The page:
The process for making a sale begins well before any product changes hands. Developing a sales strategy, cultivating interest from buyers, managing inventory, coordinating and tracking sales, arranging delivery/pickup, and figuring out billing all need to happen as part of a sales workflow. While you don't have to have that all figured out at the start, make sure you have a basic sales plan well in advance of your crops reaching market size. The production estimates generated from your initial business plan can help you anticipate how much product will be available to sell.




Distributors and wholesalers (classified as Dealers by Maine DMR Bureau of Public Health) are essentially middle men between producers and retailers. Your business gives them a cut of the profits in exchange for their service of buying a large quantity/volume of product — which saves you effort and hassle. But because the distributor is buying in bulk, they're expecting a cost savings. Some people have trouble looking past the lower margins with wholesalers/dealers and undervalue the benefit of being able to offload large volumes easily and consistently. Retail outlets such as restaurants and fish mongers may pay a higher price, but they require more legwork in terms of coordinating sales, transporting product, and following up on outstanding bills.

A retailer is a business that sells directly to consumers such as a restaurant or local fish monger. Margins are typically highest with retail, but this channel takes considerably more effort to coordinate sales, transport product, and chase down outstanding bills than wholesale does. Also, you need a license from the Maine Department of Marine Resources Bureau of Public Health to deliver your product. Retailers tend to have more flexibility than wholesalers and can help you out in a jam. For example, a restaurant you've established a relationship with might be able to buy some jumbos that got ahead of you and can sell them through a restaurant special.

There is no "best" strategy when it comes to selling your product. The decision about which sales channel(s) to pursue should depend primarily on your business model and production volumes. But, consider this: a diversified sales portfolio that includes both wholesale and retail can insulate you if a key buyer goes out of business unexpectedly.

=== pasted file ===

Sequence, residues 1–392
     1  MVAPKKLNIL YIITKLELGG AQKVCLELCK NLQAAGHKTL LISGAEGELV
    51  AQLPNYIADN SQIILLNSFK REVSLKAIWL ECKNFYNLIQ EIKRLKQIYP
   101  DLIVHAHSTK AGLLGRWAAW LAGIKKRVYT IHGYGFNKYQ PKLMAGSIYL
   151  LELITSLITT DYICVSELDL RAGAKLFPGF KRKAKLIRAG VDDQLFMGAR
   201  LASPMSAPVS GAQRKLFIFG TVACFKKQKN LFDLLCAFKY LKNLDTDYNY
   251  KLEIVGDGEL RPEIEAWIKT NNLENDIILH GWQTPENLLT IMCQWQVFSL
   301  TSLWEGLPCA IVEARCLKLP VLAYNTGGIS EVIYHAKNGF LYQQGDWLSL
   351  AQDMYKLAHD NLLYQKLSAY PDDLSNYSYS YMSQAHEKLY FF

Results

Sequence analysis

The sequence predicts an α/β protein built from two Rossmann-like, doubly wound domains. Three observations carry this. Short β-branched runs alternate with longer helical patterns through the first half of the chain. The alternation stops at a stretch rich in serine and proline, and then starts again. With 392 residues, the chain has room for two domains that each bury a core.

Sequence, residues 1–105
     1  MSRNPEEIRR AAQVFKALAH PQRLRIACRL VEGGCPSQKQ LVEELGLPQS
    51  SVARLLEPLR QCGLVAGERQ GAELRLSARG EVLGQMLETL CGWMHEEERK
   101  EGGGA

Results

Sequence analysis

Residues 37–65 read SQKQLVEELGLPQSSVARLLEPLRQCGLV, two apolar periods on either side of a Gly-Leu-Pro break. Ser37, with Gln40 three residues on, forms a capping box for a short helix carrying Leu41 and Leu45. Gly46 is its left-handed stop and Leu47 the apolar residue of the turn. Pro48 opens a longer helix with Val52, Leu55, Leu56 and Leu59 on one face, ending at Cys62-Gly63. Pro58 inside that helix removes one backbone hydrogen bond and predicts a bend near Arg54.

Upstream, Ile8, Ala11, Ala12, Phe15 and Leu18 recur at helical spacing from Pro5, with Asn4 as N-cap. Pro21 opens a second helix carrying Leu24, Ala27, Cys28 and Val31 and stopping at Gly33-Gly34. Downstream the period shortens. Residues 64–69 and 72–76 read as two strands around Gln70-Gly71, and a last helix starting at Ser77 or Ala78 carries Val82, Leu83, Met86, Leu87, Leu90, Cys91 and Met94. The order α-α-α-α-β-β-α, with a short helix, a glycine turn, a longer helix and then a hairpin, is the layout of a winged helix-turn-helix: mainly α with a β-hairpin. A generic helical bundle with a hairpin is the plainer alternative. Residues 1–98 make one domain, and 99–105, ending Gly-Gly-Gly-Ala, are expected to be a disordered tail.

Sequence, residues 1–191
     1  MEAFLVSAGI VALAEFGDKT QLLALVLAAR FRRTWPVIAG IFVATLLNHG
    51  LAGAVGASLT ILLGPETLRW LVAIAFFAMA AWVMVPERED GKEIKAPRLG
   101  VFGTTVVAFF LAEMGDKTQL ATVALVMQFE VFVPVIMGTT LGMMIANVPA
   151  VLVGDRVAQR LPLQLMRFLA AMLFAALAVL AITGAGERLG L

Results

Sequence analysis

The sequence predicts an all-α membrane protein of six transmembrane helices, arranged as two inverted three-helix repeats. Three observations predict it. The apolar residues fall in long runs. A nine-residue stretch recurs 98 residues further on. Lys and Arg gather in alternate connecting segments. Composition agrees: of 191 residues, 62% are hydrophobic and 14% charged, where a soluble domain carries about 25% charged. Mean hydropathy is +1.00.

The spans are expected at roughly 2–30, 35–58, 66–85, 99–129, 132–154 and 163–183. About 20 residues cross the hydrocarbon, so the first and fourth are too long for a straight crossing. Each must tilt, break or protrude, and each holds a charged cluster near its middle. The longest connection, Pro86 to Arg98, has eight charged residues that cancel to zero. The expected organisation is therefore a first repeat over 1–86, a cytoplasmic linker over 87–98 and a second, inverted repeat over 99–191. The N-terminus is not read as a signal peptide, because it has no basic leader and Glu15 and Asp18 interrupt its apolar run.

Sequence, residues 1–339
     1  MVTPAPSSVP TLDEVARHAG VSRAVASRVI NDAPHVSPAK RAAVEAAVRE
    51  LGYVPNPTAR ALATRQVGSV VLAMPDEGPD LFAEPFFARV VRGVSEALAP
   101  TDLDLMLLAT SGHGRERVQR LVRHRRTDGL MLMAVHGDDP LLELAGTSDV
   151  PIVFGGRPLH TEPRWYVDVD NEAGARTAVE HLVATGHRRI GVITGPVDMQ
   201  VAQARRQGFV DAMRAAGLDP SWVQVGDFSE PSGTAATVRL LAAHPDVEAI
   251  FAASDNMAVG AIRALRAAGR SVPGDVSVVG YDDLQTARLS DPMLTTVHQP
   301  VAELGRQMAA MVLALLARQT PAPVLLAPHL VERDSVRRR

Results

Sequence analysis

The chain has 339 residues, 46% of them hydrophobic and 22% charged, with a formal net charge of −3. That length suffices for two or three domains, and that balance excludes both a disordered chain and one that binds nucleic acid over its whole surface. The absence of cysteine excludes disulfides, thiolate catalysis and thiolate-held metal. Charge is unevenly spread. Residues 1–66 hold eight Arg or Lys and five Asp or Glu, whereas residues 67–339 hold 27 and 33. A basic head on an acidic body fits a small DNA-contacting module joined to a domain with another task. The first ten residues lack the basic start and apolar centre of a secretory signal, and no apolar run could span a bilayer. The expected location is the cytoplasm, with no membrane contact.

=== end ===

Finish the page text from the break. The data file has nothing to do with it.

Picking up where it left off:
Don’t fall into the trap of limiting your sales to the local market! A common mistake of rookie oyster farmers is believing that 300,000 oysters will be just as easy to sell locally as their initial crop of 20,000. They won’t be! Production increases in Maine have and will continue to saturate local markets causing price declines and low demand. Take advantage of the “Maine” brand and our proximity to dozens of large cities within a 24-hour drive to develop out-of-state distribution channels. Selling out-of-state will require you to obtain wholesale seafood shipper certification from DMR Bureau of Public Health, which can be expensive because it requires that you have certain cold-storage related facilities; or you can distribute through an approved wholesale seafood shipper.


  1. Develop a list of potential buyers that might fit your business model.
  2. Contact them and set up a meeting.
  3. Ask what they want in your product (e.g., size, volume, shape). Have these meetings very early in the growing process so you have time to adjust your production process.
  4. To the greatest degree practicable, tailor your production to achieve the number, size, and product traits that the buyer said is optimal for them. If it's not possible, maybe they aren't a good fit.

At the most basic level, buyers want consistency of product in quality, size, and available volume at the right price.

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